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Summer 2003 Rapport: Church Planting

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Funding a Church Plant: Conversation with a Church Planter

Troy Mini, home missionary with the Assemblies of God, recently spoke with AGTS Director of Development and Alumni Relations Paul Martinez about the process of raising funds for a church plant. He received his master’s degree in theological studies from AGTS in 2003. Troy and his wife, Dawn, are itinerating this summer and plan to start a church in Boston.

Rapport: One of the most daunting challenges facing church planters today is funding. How are church planters raising funds?

Troy: I really think the best way to start a church is to be mothered. Often a mothering church will commit time, finances, and people. Having those extra people can become crucial for momentum at the beginning. If there is a strong church in your area, this is great. But you can’t just go up to a pastor you don't know and spring your vision on him. With the pastor’s permission, get involved in the church. Let them get to know you and get to know your heart. Then, when the pastor allows you to present your vision to the church, not only does your proposal have a better chance of being accepted, but you can also inspire individuals within the church who share your vision. The supporting church might send those people out with you to plant the new church.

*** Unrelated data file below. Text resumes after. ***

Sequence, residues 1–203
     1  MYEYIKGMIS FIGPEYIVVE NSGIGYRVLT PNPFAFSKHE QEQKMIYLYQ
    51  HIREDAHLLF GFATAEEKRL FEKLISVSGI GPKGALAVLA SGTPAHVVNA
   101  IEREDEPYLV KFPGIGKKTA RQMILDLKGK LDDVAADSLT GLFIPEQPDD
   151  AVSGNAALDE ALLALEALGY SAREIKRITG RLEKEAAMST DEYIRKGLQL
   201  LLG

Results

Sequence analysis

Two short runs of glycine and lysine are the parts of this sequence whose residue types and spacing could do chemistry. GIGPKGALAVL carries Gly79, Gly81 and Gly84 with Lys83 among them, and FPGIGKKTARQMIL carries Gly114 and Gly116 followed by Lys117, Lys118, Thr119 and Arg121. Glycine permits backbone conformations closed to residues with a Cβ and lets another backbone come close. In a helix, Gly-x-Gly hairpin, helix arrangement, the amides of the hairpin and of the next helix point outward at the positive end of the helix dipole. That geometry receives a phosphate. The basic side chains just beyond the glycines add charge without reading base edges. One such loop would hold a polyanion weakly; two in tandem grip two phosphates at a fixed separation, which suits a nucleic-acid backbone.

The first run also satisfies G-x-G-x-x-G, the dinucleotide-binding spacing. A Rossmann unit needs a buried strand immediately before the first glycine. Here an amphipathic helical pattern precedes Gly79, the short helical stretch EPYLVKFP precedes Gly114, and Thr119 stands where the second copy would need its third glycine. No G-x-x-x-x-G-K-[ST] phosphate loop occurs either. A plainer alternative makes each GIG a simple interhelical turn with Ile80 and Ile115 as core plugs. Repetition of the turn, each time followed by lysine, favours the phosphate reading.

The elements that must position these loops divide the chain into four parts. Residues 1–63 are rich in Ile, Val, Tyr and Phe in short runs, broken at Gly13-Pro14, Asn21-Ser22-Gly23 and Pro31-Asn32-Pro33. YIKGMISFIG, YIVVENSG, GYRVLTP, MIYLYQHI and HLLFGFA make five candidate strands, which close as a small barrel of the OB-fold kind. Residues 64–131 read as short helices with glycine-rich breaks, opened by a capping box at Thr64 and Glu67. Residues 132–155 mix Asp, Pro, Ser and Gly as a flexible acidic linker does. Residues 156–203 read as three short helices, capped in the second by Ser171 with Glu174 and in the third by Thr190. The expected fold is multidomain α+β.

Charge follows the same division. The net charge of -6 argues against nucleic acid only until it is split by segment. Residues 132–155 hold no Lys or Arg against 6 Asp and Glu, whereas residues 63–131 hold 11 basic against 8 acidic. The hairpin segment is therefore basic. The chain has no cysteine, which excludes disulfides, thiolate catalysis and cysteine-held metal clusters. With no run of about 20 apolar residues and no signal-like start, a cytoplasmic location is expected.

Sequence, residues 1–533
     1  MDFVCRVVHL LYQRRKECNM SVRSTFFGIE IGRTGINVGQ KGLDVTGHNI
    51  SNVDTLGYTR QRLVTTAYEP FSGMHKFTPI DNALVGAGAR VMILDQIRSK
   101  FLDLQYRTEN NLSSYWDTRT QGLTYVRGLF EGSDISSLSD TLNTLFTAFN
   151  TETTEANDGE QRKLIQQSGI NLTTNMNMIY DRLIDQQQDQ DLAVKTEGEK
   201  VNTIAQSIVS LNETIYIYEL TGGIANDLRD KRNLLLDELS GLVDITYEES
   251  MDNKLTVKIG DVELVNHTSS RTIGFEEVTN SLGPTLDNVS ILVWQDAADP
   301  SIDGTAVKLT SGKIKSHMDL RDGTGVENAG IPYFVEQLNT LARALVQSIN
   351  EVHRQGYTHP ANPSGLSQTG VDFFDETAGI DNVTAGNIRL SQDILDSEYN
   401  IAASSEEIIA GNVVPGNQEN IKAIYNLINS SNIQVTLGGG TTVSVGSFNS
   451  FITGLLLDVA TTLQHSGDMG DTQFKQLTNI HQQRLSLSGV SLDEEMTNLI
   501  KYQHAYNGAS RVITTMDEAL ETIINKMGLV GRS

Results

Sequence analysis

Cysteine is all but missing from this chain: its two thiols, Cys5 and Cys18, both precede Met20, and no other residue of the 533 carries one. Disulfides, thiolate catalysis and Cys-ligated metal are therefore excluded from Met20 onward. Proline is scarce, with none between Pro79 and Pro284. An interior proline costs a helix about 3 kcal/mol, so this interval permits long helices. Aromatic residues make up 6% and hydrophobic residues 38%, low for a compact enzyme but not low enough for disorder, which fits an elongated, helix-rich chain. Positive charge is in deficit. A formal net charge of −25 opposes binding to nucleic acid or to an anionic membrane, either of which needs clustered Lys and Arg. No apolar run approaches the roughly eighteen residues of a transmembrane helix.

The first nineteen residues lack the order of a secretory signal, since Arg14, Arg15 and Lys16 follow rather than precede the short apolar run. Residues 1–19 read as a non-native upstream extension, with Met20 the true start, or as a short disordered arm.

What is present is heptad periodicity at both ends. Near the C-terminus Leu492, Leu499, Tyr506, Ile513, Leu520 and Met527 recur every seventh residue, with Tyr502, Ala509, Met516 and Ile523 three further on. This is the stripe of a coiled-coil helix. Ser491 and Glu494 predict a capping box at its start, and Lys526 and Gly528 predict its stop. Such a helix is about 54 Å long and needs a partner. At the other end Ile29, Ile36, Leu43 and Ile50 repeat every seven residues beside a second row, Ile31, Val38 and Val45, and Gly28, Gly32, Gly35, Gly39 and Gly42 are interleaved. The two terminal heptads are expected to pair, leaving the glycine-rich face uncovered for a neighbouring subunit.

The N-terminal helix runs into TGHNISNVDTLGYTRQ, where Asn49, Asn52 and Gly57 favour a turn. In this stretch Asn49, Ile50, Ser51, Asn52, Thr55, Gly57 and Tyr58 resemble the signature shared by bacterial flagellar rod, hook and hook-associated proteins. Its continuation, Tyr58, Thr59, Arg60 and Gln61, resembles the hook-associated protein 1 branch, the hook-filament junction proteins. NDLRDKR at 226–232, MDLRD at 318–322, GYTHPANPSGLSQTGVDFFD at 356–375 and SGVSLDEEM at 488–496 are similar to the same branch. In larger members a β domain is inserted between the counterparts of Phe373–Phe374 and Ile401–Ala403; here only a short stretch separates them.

Another option would be district appointment. Some aggressive AG districts have raised millions of dollars for church planting. There may be districts just waiting for a willing and qualified planter to express interest. They might even link you up with a strong church in the area that could lend resources or people. Some districts will support you for up to three years. Find a district that is aggressive for church planting and is willing to get behind it with some finances.

Rapport: What method did you choose?

Troy: I felt home missions was most appropriate in my situation. As an itinerating missionary, you have the opportunity to share your vision with so many churches and individuals who can get on board with what you are doing. Some churches, in addition to supporting you monthly, might catch the vision for specific projects. I know of one situation where a church planter was sharing his vision for reaching Chicago with another church. He showed them pictures of the building in its current condition. The church caught his vision and decided to furnish the entire building. Individuals even invested in restoring all the bathrooms and gymnasium. So, there are benefits to sharing your vision with a broad base of people. Also, a broader base of support offers more security. If it takes a while for your church to get on its feet, churches and individuals who give smaller amounts of money are often more willing to continue supporting you than a single district or church that is bearing the entire financial burden.

Rapport: It seems like itineration might be an intimidating process. How did you get started?